Contact us at to learn more.

Advisori understands how difficult it can be to find the right privacy platform. To best serve our clients, Advisori has partnered with industry leaders to provide our clients with a full range of best-of-breed technologies. Our partner network allows us to give our clients an unbiased view of what technology best suits their needs.

Client Considerations

While understanding the privacy technology industry is critical to the privacy platform selection process, the fundamental consideration in selecting the best tool for our client is a comprehensive understanding of its business. Therefore, we take the time to learn critical aspects of our client’s industry, locations, management structure (where the privacy functions sits), resources (financial and human), and the privacy laws and regulations in scope.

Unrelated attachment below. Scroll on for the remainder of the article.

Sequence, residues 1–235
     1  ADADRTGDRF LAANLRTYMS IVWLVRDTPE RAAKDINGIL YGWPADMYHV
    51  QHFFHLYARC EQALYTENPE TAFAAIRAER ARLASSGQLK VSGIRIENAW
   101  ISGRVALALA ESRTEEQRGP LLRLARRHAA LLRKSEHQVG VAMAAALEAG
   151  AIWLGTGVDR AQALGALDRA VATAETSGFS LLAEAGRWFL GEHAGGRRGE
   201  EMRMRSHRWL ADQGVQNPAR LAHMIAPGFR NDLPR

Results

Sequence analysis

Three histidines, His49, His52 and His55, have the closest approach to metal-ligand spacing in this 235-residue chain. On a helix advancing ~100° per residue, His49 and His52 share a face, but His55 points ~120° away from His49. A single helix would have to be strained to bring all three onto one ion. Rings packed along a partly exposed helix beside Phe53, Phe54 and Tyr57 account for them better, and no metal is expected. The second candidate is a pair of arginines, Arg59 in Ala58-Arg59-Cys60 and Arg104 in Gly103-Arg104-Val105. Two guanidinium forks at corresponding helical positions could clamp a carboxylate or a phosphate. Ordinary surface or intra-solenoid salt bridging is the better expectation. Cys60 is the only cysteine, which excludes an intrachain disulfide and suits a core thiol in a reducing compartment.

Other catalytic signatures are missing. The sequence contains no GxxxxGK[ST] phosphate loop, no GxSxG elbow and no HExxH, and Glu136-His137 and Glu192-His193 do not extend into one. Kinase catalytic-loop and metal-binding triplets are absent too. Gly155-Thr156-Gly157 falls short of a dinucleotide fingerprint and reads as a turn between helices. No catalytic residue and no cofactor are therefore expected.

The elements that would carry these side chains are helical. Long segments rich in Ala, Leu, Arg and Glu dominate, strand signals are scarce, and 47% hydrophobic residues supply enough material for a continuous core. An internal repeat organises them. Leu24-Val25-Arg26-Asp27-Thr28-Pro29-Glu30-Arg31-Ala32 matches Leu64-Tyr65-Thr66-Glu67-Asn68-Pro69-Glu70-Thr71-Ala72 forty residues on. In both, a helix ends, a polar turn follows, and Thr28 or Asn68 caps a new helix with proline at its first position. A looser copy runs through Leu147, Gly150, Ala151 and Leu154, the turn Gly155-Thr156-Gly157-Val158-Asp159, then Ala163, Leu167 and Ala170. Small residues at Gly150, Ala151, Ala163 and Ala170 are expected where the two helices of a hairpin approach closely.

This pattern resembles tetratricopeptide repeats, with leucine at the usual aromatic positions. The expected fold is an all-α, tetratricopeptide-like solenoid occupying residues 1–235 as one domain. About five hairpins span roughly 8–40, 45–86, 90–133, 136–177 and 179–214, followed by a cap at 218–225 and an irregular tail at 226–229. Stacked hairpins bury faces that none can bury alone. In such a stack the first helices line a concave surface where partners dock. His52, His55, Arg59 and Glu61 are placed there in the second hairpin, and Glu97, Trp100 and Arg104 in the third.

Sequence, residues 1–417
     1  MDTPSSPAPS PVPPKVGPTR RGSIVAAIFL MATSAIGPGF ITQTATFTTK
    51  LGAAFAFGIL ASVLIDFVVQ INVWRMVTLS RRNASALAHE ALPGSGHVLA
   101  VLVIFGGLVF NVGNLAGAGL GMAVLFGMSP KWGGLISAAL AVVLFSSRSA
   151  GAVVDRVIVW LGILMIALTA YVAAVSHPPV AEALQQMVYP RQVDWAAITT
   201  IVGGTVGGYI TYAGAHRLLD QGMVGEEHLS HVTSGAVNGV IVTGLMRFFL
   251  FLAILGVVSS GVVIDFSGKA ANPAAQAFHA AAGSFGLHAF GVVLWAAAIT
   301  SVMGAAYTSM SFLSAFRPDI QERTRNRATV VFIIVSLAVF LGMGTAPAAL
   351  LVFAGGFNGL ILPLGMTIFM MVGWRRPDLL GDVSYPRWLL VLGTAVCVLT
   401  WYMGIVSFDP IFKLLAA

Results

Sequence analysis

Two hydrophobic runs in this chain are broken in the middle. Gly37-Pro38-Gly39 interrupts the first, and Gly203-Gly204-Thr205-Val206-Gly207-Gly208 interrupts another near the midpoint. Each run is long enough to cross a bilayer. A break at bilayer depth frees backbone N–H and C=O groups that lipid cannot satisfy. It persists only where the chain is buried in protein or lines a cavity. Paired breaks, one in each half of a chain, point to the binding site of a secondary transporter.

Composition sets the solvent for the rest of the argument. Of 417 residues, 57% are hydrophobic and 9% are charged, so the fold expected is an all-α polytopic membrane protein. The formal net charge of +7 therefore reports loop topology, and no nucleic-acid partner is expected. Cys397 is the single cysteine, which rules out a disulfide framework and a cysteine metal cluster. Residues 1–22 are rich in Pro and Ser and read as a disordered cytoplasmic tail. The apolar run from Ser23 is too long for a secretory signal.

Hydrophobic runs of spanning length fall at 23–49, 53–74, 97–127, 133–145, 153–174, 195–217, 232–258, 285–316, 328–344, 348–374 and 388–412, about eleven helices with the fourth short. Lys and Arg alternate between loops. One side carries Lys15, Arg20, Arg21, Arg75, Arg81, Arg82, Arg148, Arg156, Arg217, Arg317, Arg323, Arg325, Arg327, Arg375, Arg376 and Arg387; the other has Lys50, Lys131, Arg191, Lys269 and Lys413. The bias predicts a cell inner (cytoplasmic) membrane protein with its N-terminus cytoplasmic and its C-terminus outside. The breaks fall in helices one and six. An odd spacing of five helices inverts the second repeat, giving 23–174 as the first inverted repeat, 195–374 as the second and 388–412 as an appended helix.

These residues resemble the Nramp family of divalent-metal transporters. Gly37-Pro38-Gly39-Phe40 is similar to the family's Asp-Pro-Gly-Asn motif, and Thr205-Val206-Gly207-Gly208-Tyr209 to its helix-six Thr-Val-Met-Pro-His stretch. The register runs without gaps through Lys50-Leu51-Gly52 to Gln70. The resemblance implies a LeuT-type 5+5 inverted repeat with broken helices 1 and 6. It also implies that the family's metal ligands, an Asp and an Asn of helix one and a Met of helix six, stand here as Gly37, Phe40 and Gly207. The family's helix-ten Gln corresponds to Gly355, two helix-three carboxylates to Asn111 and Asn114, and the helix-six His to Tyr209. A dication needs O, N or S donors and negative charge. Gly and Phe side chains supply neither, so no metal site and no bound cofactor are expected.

This process begins with stakeholder consultation (data protection office, security team, and general counsel) and factoring in each of their particular needs and agendas. Our goal is to find the right privacy platform that best suits the needs of all departments.

For instance, Chief Information Offices tend to have the largest budgets. As a result, some vendors are focusing their technical and sales strategy on data security and less and less on privacy. This trend has negatively impacted privacy professionals in two ways; first, they may be left out of the tool selection and configuration decision-making process and second, they may be forced to use a tool lacking essential privacy capabilities and functionality.

Our professionals are well aware of this security vs. privacy dilemma and work collaboratively with our clients to design an inclusive solution, considering all department needs (the privacy vs. security office). Our fundamental goal is to get our clients the “biggest bang for their buck” from our technology partners.